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James Parkinson (11 April 1755 – 21 December 1824)[citation needed] was an English surgeon, geologist, paleontologist, and political activist. He is most famous for his 1817 work, An Essay on the Shaking Palsy[1] in which he was the first to describe "paralysis agitans", a condition that would later be renamed Parkinson's disease by Jean-Martin Charcot.

Early life[edit | edit source]

James Parkinson was born in Shoreditch, London, England. He was the son of John Parkinson, an apothecary and surgeon practising in Hoxton Square in London. In 1784 Parkinson was approved by the City of London Corporation as a surgeon. He never became a physician, as many mistakenly call him.

On 21 May 1783, he married Mary Dale, with whom he subsequently had six children. Soon after he was married, Parkinson succeeded his father in his practice in 1, Hoxton Square. He believed that any worthwhile physician should know shorthand, at which he was adept.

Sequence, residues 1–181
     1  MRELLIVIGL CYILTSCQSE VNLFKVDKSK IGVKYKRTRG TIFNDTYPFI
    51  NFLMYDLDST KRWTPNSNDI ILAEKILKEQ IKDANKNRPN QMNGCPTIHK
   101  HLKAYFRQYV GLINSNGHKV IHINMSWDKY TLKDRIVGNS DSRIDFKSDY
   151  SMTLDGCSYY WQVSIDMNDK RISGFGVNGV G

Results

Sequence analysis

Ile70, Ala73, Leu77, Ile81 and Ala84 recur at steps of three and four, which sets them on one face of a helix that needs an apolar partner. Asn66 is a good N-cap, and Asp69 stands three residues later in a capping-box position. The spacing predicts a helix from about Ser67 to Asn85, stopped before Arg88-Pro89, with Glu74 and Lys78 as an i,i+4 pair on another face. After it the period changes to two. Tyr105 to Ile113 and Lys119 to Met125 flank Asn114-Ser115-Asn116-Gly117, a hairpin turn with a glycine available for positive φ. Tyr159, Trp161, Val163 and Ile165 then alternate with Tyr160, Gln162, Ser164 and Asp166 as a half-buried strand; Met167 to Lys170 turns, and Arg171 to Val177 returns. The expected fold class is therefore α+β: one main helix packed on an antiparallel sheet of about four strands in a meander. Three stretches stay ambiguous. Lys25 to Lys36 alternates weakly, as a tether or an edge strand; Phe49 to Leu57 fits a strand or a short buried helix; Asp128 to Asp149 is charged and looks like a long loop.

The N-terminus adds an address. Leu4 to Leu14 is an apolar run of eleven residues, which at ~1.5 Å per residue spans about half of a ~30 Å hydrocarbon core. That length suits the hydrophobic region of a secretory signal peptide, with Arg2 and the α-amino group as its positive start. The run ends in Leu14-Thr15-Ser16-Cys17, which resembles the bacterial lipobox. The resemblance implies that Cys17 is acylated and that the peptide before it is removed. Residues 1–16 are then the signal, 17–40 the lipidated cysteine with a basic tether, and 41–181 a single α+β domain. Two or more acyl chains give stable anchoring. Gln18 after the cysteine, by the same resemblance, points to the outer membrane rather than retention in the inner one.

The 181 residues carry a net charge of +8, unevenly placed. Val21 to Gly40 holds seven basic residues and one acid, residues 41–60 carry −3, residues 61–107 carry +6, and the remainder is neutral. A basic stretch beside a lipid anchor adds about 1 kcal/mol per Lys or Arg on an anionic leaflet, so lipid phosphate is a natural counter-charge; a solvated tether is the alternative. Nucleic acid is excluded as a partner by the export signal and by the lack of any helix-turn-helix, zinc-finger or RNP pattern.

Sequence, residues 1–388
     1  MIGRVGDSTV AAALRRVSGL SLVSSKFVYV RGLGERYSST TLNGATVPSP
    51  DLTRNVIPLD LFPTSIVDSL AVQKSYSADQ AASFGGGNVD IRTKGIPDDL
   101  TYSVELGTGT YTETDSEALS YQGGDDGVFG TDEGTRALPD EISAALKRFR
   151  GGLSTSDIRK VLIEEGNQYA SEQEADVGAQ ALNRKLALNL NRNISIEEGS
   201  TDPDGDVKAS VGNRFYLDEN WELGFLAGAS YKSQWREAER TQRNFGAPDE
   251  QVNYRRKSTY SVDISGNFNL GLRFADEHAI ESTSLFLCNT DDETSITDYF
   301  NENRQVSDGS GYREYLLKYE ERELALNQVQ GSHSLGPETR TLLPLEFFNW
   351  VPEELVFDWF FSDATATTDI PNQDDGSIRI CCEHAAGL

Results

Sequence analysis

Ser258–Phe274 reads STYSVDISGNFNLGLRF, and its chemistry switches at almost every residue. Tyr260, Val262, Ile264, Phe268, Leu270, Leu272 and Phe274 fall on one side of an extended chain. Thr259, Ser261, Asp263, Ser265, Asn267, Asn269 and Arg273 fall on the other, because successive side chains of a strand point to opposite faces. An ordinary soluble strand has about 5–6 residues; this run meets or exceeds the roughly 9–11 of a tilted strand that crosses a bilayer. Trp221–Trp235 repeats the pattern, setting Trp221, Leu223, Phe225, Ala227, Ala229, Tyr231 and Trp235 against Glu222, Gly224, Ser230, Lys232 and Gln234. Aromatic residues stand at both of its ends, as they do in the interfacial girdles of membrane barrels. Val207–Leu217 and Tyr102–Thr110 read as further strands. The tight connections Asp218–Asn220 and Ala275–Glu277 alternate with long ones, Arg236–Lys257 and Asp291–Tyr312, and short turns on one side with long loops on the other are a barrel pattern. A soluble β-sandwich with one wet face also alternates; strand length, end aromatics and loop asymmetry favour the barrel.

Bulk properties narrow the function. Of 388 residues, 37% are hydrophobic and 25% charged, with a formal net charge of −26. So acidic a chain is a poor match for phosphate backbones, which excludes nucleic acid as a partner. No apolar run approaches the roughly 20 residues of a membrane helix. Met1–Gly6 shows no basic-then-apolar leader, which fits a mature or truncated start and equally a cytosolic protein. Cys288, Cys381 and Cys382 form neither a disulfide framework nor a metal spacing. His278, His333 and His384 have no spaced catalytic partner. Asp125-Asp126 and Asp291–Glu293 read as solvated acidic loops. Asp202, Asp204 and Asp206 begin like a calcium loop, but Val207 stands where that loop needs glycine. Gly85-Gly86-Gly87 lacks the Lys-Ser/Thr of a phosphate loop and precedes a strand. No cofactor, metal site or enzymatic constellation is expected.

Politics[edit | edit source]

In addition to his flourishing medical practice, Parkinson had an avid interest in geology and paleontology, as well as the politics of the day.

Parkinson was a strong advocate for the under-privileged, and an outspoken critic of the Pitt-government. His early career was marred by his being involved in a variety of social and revolutionary causes, and some historians think it most likely that he was a strong proponent for the French Revolution. He published nearly twenty political pamphlets in the post-French Revolution period, while Britain was in political chaos. Writing under his own name and his pseudonym "Old Hubert", he called for radical social reforms.

File:Parkinson, An Essay on the Shaking Palsy (first page).png

First page of Parkinson's classical essay on shaking palsy